Bad things always happen in the middle of nowhere

Whether it’s a motel, a country house, or a forest campsite, people just never learn. So which of these three isolated locations worked best for me in my latest triple feature? Let’s find out.


If you come up with a cool premise for a horror movie but don’t have the budget to offer anything but 110 minutes of mostly dialogue-driven plot, I’d suggest waiting to raise more money to give us an experience we won’t forget…and would gladly sit and watch for 110 minutes.

There is intriguing stuff going on here. There’s a motel in the middle of nowhere run by a nice old gay guy with a bit of a flirty, lecherous side to him. Oh how I miss the days of being admired by guys like that. Shit. I guess I’m supposed to start behaving like one of those guys now. Anyway, this dude lands Mystery Spot on the does the gay guy die? page.

There’s a “mystery spot” near the motel—an abandoned roadside attraction with metaphysical powers that defy the laws of gravity, according to the old gay guy. And that’s exactly why it’s such a shame that there is no exploration of the damn inside of the attraction. WTF?

Instead, this is a character study of the people staying at the motel, including Lisa Wilcox of Elm Street 4 and 5, a beary dude holding auditions for his movie in his hotel room, and a Black guy who just sits in his car outside and warns Lisa away from the mystery spot. Naturally he’s hiding an ulterior motive, but that unfolds very slowly. As does the whole movie.

Most of the mysterious aspects revolve around the bear, and it seems to involve either making porn movies, occult practices, or pedophilia. It’s all quite creepy for a while, but then it just loses steam as the lives of the characters come together in what is mostly a drama about people being haunted by their pasts. What a letdown.


Demons at Dawn is book-ended by a plot point about a prisoner, which didn’t add anything but confusion for me. However, the prisoner was a hot daddy, so I’ll let it slide.

The focus is on a hit man who takes one more job to pay his debt. When he arrives at the countryside house where he is to do the job, he sees a man dead in a field. I’m almost convinced the shot of a tree used in this movie is the same one from The Ring.

Before long the hit man is dealing with various “visitors” who seem to know something about a cult situation in the vicinity.

Soon after that, they’re all dealing with cheesy good, dime store demons like something right out of a direct-to-video 1980s horror movie.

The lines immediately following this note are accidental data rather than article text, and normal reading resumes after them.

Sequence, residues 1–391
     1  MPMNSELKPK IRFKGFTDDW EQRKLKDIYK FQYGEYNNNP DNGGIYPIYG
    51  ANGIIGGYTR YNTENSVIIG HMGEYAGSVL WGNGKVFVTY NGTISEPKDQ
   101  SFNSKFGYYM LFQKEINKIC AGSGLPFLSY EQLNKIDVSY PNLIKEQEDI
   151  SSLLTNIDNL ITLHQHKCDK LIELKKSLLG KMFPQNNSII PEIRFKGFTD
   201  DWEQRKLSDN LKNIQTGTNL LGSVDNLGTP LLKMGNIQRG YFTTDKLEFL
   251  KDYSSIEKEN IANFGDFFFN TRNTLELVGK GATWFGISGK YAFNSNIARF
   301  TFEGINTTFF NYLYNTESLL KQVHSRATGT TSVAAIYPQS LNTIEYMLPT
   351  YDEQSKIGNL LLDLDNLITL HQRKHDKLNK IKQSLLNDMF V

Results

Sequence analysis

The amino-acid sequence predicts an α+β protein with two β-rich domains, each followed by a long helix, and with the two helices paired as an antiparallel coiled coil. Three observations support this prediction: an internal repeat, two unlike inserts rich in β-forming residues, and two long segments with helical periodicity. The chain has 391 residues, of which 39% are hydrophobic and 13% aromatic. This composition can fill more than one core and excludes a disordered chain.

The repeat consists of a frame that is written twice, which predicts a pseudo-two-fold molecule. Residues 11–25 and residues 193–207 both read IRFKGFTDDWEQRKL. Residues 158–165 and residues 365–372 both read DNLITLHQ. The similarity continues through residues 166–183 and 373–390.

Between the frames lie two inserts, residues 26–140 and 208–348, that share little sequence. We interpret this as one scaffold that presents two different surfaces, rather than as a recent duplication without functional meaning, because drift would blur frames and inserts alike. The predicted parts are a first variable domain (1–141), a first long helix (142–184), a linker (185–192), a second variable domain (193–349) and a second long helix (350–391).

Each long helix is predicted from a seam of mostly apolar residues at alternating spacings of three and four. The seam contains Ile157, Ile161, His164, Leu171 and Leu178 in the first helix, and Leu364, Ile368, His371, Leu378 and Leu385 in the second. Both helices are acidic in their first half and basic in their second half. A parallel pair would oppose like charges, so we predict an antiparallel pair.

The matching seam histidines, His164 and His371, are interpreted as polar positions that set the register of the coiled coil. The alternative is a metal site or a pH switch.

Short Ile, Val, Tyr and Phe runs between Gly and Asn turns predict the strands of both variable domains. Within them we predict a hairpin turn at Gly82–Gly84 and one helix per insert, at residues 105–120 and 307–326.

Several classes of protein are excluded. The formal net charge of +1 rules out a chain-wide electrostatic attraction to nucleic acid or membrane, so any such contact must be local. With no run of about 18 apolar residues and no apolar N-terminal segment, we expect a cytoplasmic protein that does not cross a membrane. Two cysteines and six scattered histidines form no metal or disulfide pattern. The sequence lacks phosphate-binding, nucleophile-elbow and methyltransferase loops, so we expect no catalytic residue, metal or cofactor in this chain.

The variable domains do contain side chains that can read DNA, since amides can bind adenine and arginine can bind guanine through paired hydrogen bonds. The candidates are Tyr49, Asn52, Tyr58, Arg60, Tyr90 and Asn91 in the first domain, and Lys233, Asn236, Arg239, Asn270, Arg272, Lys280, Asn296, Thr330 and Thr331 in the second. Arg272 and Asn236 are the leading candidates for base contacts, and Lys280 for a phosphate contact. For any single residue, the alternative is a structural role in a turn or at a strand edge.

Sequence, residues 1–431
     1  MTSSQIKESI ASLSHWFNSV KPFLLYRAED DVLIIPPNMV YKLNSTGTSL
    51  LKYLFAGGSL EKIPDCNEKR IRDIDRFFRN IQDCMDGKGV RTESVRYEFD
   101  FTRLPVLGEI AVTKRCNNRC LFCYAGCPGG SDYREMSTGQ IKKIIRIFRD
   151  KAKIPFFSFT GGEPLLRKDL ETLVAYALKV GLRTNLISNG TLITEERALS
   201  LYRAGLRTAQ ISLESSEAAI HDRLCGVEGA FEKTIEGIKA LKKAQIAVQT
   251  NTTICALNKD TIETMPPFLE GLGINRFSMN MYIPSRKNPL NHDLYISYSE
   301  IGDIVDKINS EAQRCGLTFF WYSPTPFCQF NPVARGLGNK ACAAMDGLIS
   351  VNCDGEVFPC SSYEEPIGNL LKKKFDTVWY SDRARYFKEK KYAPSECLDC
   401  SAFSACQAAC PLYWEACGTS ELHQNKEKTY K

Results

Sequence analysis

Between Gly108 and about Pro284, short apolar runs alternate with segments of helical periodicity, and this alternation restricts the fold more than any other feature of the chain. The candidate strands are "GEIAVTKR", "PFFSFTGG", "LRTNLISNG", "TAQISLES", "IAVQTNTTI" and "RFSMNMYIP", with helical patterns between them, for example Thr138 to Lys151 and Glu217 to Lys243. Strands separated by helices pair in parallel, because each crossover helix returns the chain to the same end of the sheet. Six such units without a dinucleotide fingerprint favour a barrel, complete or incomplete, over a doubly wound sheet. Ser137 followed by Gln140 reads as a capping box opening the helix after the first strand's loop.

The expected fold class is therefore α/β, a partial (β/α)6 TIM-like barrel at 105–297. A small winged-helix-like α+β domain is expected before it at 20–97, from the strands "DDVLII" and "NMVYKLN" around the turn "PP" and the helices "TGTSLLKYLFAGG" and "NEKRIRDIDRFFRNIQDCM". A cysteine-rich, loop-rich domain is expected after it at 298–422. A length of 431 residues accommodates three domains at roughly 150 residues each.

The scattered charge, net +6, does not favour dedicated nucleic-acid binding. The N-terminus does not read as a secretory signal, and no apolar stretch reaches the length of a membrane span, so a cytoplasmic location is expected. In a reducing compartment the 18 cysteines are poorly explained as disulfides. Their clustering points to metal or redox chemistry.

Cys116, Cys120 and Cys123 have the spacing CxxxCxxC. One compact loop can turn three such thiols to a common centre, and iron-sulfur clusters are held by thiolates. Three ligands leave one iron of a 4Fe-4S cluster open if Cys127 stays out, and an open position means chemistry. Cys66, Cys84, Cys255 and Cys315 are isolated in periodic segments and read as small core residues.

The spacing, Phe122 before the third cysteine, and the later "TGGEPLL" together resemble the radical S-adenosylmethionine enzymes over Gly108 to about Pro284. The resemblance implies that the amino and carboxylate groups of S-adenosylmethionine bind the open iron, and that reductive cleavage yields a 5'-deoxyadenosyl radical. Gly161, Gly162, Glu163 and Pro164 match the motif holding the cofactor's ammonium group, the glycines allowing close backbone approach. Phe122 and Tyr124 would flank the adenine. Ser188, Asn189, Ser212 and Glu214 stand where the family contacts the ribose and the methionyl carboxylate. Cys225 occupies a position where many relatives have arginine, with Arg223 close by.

It’s not a particularly innovative or scary film, but I really liked the throwback vibe during the eventual demon cult siege of the house.

Unfortunately, the home invasion is not exactly a substantial part of this 80-minute movie.

FREAK (2020)

This indie runs only 51 minutes long. Thankfully director/writer Lucky Cerruti makes use of every second. There’s no fat to trim here. This is a tight little backwoods creature feature demonstrating that Lucky has paid attention to the horror movies he’s watched and also didn’t let a limited budget restrain him.

Freak is simple, straightforward fun. The practical gore effects are icky great, and the mutant monster is fantastic, despite moments when his rubbery construction is quite obvious.

This is the kind of horror I grew up on, so it’s totally satisfying to me. Those that think CGI effects are the way to go might not appreciate what’s going on here.

So a kid tells his mom and his pretty dad that he’s taking his sister with him on a camping trip with friends.

During the ride to the site, an urban legend of a deformed man in the woods is discussed. That doesn’t stop the kids from setting up camp.

We get old school monster POV and grunting, plus a subtle yet genuinely effective music score. And before long, the monster wreaks havoc. Funny thing is, due to the short runtime, the kills basically happen all at once. With more money and a little more character interaction (for instance, an obligatory partying montage, skinny-dipping, some sexy times in the tents, etc.), the kills could have been spread apart, and we could have gotten some suspenseful chase scenes as well.

Despite the absence of the extra fluff, what’s here is a blast, and there’s even a nasty castration moment.

And the details on the monster, including close-ups of its drooling mouth, are nice and gooey. We even briefly see the monster running, and perhaps due to budget limitations, there’s something “freaky” about its grotesque movements.

The film ends abruptly and left me wanting more. Maybe a sequel is in the works?

About Daniel

I am the author of the horror anthologies CLOSET MONSTERS: ZOMBIED OUT AND TALES OF GOTHROTICA and HORNY DEVILS, and the horror novels COMBUSTION and NO PLACE FOR LITTLE ONES. I am also the founder of BOYS, BEARS & SCARES, a facebook page for gay male horror fans! Check it out and like it at
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